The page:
Wednesday, November 29, 2006

Vanity vs. reality

So the good news is I got a call from Blain who is doing the compound buff and wax on the Mistress. He said he is amazed at how much better the boat actually came out than even he expected. Unfortunately, it will be another week before I can get down to check it out. Apparently knocking off 8 years of oxidation from a hull and deck that haven't been waxed can make a difference. I can't wait to see her. Price for this little jobbie? $650. Beautiful boat...priceless.

On the other hand, unlike my experience calling service shops in CA, no one, and I mean no one wants to touch this 6 man Givens life raft of mine. The fact that it hasn’t been serviced in a decade doesn't bode well for the result anyway, but the fact that no one even services them anymore should tell me something. I guess it's time to pony up and shell out the dough for a new life raft. Something I was really hoping to avoid.

Due to my budget restraints I am finding my self becoming pretty stingy. Not that I live elaborately to begin with, but eating out 2 - 3 times a week certainly isn't out of order. To manage the budget to make this trip happen I am really going to have to start living the life now. Letting all "disposable" income go to the boat. Call me Mr. Frugal. First step, quit smoking. I had my last one about a week ago. I am chewing on some gum for the occasional nicotine fit, but so far so good. Time to start rediscovering the culinary delights of Raman. Cheers everyone.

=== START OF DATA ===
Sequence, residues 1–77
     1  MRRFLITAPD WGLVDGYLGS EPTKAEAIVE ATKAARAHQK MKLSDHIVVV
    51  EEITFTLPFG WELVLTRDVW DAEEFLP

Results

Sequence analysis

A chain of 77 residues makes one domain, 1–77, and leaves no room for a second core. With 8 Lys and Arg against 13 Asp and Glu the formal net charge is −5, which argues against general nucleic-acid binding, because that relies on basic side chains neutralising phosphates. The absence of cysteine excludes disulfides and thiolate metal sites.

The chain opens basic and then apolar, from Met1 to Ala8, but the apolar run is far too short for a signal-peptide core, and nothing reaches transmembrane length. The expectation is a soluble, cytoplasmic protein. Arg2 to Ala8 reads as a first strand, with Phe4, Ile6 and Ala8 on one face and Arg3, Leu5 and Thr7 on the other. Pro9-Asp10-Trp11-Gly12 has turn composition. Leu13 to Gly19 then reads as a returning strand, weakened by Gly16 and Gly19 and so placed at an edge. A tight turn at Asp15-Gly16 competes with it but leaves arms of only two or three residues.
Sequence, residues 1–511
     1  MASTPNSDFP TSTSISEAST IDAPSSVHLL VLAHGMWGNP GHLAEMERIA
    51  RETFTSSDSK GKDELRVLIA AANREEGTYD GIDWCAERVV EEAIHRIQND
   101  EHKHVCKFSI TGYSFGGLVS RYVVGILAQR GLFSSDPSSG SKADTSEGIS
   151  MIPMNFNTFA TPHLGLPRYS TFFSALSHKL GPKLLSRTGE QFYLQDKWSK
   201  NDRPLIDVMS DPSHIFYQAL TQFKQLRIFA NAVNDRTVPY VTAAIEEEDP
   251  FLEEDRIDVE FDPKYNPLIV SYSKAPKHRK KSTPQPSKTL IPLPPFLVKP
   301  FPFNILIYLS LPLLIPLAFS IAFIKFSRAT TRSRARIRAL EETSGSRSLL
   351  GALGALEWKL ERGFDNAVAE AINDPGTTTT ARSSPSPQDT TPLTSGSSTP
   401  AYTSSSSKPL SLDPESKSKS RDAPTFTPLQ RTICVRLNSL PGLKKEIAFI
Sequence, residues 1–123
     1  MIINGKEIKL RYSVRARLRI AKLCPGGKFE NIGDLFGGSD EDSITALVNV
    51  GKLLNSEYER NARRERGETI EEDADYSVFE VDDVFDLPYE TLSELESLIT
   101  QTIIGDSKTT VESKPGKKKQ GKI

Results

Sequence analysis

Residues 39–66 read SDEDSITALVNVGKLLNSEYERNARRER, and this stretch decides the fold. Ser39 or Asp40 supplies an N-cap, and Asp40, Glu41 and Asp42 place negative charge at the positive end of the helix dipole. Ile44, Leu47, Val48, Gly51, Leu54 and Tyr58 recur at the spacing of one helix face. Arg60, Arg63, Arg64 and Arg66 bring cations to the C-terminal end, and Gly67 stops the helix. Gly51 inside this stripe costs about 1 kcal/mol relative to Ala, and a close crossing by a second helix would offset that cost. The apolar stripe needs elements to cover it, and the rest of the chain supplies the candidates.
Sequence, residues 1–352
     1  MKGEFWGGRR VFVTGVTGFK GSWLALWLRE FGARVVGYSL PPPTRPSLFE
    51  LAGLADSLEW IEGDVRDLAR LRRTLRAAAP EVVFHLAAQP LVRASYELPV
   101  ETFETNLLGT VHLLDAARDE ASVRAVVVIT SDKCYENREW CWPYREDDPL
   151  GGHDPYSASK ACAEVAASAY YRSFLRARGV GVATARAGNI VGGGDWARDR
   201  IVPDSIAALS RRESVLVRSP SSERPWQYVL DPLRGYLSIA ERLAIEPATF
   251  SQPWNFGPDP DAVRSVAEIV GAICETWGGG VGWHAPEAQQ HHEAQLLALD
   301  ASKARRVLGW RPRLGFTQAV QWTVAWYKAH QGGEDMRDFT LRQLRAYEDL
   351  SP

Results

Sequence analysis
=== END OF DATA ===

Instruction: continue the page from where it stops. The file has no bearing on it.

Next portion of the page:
Monday, November 20, 2006

If you are not a member of sailnet, you should be.

This thread kind of got my blood up. Maybe I am crazy for ditching a great job at 30 with no reentry plan or source of income while cruising, but I can no longer imagine doing anything else. I also can't imagine working at a job for someone else during the most productive years of my life and not living for myself until I can retire at 68. Whatever drive has a hold of me is powerful. I think I would do more damage by not listening than by succumbing and taking a chance.

Saturday, November 18, 2006

Planning to go sailing.

Every year there is a race called the Harvest Moon Regatta from Galveston Island to Port Anarnsas, TX. It's about a 150 mile offshore treck and takes from 20 - 30 hours depending on the conditions. Kris and I have missed this years run, but are gearing up to make our own. The total trip will be around 180 miles one way by my charting from Clear Lake to Port A. This will be a pretty good test for us and the boat as neither one of us has sailed a 24 hour passage before. We will still be in pretty close to land providing some margin of safety, but we will have to keep a 24 hour watch as the Gulf is cluttered with both lit and unlit oil platforms. They are pretty well marked on the map and between the GPS with our waypoints plugged in and the radar I think we will be fine. I've put togheter a short list of projects that I will check off before we take off.

Boat Projects Prior to Offshore Sale to Port Aransas

1. Spend day onboard with J.D. Sellers. Need to better understand fuel, mechanical, and electrical systems on board before going offshore. i.e. AC Panel, access to dipstick port, water maker usage, battery volt meter configuration, etc.

2. Tear down, clean, and grease old Barient Winches (x4).

3. Have EPIRB battery replaced. Expired 3 years ago, but tests OK.

4. Have Givens 6 man life raft inspected. May need to be replaced or in need of extensive repair.

5. Replace Roller Furling line. Very worn with UV damage.

6. Set up Jack Line configuration for offshore sail.

7. Replace Cowl vent lost overboard.

8. Test run dingy and inspect all fuel lines, cooling lines, and spark plugs on outboard before departure.

9. Acquire CO2 charged life jacket with harness attachment for jacklines.

10. Acquire all USCG required safety equipment. i.e. noise maker, flares, throwables

Tuesday, November 14, 2006

Our first weekend on the boat was a great one.